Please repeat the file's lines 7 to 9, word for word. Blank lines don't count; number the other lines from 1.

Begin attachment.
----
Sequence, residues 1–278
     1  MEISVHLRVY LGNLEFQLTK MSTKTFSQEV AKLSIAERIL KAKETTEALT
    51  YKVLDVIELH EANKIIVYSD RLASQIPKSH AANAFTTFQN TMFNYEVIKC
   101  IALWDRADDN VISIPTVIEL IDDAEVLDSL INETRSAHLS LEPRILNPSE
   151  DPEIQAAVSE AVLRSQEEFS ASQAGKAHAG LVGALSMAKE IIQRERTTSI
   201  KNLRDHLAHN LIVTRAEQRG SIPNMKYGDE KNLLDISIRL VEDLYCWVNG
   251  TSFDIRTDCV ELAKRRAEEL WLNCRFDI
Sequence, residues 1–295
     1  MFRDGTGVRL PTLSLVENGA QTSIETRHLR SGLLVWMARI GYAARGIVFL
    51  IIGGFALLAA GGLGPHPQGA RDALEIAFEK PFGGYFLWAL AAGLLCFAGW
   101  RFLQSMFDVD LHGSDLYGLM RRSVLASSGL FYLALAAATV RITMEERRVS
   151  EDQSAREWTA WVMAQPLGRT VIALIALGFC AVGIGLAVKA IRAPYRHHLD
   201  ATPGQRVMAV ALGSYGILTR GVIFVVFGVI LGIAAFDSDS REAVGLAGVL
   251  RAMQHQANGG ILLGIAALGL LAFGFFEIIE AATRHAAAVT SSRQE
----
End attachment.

   251  TSFDIRTDCV ELAKRRAEEL WLNCRFDI
Sequence, residues 1–295
     1  MFRDGTGVRL PTLSLVENGA QTSIETRHLR SGLLVWMARI GYAARGIVFL